The Environmental Protection Agency is close to proposing ethanol standards. But two years ago, when Congress ordered a huge increase in ethanol use, lawmakers also told the agency to show that ethanol would produce less pollution linked to global warming than would gasoline.
So how will the EPA define greenhouse-gas emissions from ethanol production and use? Given the political clout of farm interests, will the science conflict with the politics?
Environmentalists, citing various studies and scientific papers, say the agency must factor in more than just the direct, heat-trapping pollution from ethanol and its production. They also point to "indirect" impacts on global warming from worldwide changes in land use, including climate-threatening deforestation, as land is cleared to plant corn or other ethanol crops.
Ethanol manufacturers and agriculture interests contend the fallout from potential land-use changes in the future, especially those outside the United States, have not been adequately proved or even quantified, and should not count when the EPA calculates ethanol's climate impact.
"It defies common sense that EPA would publish a proposed rule-making with harmful conclusions for biofuels based on incomplete science and inaccurate assumptions," complained Sen. Charles Grassley, R-Iowa.
He was one of 12 farm-state senators, both Democrats and Republicans, who wrote EPA Administrator Lisa Jackson in March, urging the agency to stick to assessing only the direct emissions.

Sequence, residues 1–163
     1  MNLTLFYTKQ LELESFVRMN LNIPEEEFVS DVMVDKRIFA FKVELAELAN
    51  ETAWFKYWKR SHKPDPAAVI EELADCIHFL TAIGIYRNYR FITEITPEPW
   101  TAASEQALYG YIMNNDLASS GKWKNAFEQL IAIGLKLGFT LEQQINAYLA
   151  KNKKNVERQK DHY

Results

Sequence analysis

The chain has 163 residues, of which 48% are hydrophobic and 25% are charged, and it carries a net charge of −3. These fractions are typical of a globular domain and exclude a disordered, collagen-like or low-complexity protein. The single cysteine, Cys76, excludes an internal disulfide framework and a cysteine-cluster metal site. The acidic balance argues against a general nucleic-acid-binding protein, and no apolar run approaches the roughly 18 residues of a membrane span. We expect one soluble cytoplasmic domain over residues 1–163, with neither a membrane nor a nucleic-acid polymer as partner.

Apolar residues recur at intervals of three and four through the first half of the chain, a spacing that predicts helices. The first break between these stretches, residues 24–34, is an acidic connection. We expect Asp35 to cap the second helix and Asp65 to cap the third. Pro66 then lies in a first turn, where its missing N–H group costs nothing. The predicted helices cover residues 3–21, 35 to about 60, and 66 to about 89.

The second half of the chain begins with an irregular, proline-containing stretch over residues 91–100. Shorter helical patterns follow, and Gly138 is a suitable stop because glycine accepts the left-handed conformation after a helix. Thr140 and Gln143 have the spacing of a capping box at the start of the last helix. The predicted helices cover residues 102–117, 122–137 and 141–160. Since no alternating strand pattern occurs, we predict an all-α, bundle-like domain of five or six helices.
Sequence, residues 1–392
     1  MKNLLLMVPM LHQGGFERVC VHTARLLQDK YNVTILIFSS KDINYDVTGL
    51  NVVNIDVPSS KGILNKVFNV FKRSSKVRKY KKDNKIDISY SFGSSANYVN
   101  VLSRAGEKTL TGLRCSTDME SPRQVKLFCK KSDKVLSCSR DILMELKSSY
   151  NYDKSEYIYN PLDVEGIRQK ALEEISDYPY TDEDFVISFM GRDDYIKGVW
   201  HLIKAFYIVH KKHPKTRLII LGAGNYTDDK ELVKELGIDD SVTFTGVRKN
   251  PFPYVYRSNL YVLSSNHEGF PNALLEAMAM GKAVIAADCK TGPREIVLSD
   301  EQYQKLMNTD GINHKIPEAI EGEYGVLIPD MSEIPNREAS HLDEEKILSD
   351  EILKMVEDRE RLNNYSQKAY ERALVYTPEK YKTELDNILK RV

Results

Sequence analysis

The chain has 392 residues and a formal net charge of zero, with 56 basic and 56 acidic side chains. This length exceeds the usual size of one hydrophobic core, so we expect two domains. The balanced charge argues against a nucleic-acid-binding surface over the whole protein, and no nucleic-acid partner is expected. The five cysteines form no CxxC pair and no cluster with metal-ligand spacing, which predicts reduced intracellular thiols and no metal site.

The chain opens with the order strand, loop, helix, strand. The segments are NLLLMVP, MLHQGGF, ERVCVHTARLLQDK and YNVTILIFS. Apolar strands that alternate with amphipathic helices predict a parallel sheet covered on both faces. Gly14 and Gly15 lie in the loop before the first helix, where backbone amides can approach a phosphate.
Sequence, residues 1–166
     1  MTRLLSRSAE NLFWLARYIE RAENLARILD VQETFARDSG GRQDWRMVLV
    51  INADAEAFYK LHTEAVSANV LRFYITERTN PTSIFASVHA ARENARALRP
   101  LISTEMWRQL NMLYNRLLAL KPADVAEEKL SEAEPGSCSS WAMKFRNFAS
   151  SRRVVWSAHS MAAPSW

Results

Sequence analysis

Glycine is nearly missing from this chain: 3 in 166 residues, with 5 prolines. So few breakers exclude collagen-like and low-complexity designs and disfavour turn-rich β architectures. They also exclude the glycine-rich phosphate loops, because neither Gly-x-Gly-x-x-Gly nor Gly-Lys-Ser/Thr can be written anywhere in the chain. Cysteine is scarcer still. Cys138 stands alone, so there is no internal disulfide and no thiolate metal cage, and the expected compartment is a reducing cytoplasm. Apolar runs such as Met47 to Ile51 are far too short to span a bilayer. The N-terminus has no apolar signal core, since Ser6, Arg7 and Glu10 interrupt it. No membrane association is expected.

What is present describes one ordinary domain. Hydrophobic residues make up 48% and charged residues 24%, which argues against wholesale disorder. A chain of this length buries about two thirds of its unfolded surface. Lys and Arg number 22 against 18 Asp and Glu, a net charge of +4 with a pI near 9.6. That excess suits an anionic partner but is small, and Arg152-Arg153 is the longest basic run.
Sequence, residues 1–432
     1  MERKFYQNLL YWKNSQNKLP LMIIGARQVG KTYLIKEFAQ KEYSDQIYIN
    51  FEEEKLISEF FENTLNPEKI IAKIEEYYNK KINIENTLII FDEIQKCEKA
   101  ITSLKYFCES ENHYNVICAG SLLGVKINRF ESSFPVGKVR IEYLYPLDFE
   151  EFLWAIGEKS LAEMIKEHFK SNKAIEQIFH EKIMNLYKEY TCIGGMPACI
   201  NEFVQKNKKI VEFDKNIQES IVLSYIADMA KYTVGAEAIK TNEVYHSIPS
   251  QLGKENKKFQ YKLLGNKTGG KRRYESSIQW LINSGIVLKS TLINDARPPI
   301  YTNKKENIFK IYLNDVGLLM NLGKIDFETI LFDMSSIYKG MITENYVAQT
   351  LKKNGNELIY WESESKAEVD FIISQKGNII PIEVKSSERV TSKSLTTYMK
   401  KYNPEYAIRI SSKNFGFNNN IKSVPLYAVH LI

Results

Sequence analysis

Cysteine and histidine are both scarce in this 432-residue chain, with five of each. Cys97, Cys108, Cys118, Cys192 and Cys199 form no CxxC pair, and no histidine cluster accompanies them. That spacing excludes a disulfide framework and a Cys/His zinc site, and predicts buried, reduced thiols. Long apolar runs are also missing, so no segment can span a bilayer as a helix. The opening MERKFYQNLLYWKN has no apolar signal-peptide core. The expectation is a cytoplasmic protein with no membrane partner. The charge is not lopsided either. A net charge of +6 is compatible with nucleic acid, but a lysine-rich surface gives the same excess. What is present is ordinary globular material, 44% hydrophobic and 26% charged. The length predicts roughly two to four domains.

Ethanol, which in the future may come from cellulosic sources such as switchgrass and wood chips, is promoted by its advocates as a "green" substitute for gasoline that will help the U.S. reduce its reliance on fossil fuels, especially foreign oil. That transition is a priority of the Obama White House.
In 2007, Congress ordered huge increases in ethanol use, requiring refiners to blend 20 billion gallons with gasoline by 2015 and a further expansion to 36 billion gallons a year by 2022.
Congress said any fuel produced in plants built after 2007 must emit 20 percent less in greenhouse gases than gasoline if it comes from corn, and 60 percent less if from cellulosic crops.
Meeting the direct emissions would not be a problem. But if indirect emissions from expected land-use changes are included, ethanol probably would fail the test.